The Videofreex needed studio space to work on their DIY television show, so the network rented the Videofreex a loft at 96 Prince Street, the same building where the Paula Cooper Gallery opened in late 1968. “This was right when SoHo was beginning to happen,” Nancy Cain said. “There were some art galleries popping up here and there, but mostly it was still little factories making clothes or baking bread.” Unlike the Lower East Side, which was packed with people, only a few artists and other residents occupied SoHo’s empty industrial buildings, along with a smattering of small factories that were still operating. There were few stores around the Videofreex’s new loft—just a Puerto Rican bodega and some other small businesses. The biggest draw was Fanelli’s, right beneath the Videofreex’s loft, an old-fashioned bar that served inexpensive bean soup for lunch. “I loved that part of downtown,” Skip Blumberg said. “Everybody who lived in the neighborhood knew each other because of its small scale.” Blumberg moved into the Prince Street loft when their ragtag television studio was still being built; he put his mattress on a tall pile of sheetrock and every day it got a little lower as the construction continued. The control room was at one end of the loft—a large, open space where they hosted video shows every Friday night. The three-camera setup was much like any other television studio, but much looser and more informal (the audience sat on cushions placed on the floor and sometimes smoked pot).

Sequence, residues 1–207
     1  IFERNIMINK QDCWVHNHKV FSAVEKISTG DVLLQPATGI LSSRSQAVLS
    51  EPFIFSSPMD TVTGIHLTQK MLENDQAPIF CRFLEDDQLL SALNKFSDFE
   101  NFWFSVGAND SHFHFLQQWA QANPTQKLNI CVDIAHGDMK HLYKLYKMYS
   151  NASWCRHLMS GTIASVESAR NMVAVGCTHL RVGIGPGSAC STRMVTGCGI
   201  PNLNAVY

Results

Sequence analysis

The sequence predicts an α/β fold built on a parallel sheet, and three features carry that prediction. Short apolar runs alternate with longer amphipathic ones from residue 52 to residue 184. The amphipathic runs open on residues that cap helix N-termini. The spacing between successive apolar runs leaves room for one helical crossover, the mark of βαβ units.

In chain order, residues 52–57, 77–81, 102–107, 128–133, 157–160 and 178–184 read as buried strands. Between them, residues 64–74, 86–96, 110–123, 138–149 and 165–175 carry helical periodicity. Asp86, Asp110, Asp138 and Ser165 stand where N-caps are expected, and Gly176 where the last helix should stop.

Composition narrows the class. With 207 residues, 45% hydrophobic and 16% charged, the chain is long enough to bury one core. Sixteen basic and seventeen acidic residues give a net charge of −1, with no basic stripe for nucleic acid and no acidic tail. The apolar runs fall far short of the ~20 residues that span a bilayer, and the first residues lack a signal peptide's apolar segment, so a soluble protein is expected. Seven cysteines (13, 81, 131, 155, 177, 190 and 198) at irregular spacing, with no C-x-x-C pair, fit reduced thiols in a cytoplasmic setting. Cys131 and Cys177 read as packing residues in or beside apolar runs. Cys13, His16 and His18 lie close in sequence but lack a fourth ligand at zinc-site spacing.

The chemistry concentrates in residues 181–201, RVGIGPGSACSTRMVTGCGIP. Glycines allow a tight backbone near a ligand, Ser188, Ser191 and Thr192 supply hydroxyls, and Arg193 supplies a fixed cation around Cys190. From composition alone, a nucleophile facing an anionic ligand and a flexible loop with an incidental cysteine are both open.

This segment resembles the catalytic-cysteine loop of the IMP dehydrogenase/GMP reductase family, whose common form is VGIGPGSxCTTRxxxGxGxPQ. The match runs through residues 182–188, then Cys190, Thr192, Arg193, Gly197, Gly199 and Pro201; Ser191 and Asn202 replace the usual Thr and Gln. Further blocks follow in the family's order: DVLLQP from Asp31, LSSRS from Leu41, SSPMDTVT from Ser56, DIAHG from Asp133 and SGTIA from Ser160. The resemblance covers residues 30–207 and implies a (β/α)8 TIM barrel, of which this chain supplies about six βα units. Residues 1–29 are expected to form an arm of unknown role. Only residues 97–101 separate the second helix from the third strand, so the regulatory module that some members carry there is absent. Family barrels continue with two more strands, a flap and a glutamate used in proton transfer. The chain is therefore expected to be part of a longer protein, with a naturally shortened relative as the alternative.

From Chapter 22 of The Downtown Pop Underground — order online, or from a local independent bookstore